It’s hard to believe the end of 2011 is so close. As I look back over the year I decided to check my promise to myself.
Remember at the beginning of the year I made myself a promise – to submit to at least one contest per month. I can readily admit that I did not submit every month, but I did submit to multiple contests some months. Does this even out? I don’t know, but I can say I made a valiant effort to do what I set out to do.
So what did I accomplish?
1. I entered 16 contests
2. I submitted 1-6 manuscripts each time
3. I started a blog
4. I joined Twitter
5. I update my accounts regularly
6. I wrote 2 new novels this year – one during the summer months and one for NaNoWriMo
7. I submitted to 3 agents and 2 editors
8. I attended the RWA conference in New York
What did I gain?
I finaled in three contests and am eagerly awaiting the results from the last one – the Golden Hearts. I know this will not come until next year, but I am confident I will perform better because of all the contests I entered this year. From each contest I gained the expertise of authors from all over the country. They read my first 20-50 pages and gave me insightful critiques. These critiques helped me work out some of the kinks in my manuscripts. If you send out the same book to each contest and you get similar results, similar responses, then you know what needs to be worked on. I value their comments, whether painful or glowing, all of them help me become a better writer. I hope I was able to incorporate many of these changes into my manuscripts. Several judges offered websites or books to assist me.
Some people do not like contests. They feel the judges are too brutal. Some writers have had bad experiences with judges who tore their work apart. I have not had that experience. Can I say without too much pride that I scored well in every contest? Some scores were higher than others. Some were just a point or two off from the finalists. There were a few times where the scores were not fantastic, but at least none were bad. None were circling the drain and making me feel like a terrible fraud. Every critique re-affirmed my commitment to writing.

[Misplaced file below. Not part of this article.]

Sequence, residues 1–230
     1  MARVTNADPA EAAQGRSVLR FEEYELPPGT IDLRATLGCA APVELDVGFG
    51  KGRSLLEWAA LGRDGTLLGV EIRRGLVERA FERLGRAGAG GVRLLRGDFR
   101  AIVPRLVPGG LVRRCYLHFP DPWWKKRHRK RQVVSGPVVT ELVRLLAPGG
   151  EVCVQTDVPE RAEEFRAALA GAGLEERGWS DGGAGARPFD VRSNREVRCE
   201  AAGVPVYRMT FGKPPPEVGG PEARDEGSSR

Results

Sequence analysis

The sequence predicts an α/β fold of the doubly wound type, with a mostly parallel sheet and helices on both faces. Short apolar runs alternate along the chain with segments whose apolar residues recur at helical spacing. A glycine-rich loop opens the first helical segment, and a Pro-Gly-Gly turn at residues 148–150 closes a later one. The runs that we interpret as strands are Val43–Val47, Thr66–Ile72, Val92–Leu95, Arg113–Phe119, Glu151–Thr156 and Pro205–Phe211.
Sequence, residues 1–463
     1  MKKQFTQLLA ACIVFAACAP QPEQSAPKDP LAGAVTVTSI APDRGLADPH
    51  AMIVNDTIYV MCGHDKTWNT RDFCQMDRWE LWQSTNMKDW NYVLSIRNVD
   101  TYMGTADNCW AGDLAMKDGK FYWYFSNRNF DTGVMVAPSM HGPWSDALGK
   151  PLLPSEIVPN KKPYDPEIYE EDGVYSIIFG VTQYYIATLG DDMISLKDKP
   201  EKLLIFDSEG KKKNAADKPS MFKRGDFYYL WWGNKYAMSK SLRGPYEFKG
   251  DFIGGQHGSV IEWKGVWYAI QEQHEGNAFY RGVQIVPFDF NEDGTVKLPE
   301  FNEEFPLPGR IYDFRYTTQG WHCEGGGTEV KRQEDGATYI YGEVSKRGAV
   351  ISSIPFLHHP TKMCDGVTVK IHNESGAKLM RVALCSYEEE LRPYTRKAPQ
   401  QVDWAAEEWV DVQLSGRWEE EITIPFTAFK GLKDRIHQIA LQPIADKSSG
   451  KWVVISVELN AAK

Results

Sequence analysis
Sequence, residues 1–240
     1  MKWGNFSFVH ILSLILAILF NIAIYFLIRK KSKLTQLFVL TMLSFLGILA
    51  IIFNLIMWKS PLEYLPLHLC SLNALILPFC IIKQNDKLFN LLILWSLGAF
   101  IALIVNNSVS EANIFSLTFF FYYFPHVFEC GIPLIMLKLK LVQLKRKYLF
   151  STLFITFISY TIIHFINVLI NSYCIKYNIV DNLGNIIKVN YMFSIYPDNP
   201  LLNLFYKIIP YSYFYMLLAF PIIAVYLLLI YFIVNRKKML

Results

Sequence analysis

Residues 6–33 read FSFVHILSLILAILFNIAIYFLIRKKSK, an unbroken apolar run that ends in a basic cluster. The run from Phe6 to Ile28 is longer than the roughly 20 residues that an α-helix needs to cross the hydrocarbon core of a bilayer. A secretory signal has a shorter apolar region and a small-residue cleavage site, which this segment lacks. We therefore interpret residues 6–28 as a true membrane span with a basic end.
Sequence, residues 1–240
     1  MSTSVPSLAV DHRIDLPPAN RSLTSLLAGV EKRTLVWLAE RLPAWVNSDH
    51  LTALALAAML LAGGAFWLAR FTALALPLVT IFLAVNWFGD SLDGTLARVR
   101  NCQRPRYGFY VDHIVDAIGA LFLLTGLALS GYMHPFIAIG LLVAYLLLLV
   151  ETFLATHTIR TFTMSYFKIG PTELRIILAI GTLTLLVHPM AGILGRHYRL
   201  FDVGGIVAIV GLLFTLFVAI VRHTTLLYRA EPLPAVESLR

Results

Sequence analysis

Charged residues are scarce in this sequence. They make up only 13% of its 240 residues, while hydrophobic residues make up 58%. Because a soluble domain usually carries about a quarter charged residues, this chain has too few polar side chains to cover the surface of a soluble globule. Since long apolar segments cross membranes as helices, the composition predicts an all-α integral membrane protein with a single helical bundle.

The most important thing I learned – to believe my work is good. Not just good, but great! And I learned to listen. I learned that every comment was done to help me. I learned that when you enter a contest, you put your heart out there. It reminded me of when I was in high school and the junior or senior prom was coming. I did not get asked, but I did not let it get me down. I invited 5 guys to the prom. Okay, I was turned down all of them, but I did not let it bring me down. I knew there was nothing wrong with me, but that these guys were not the right ones for me. I probably would have had a terrible time with any of them. I was saved from a terrible time. Everything that happens to us in life is a lesson. Sometimes we learn patience. I was patient and when I did meet my future husband, it was the right time. And thank goodness I was patient – the man of my dreams, the hero from every romance novel I ever read, walked through my door and when he kissed me, nothing else mattered.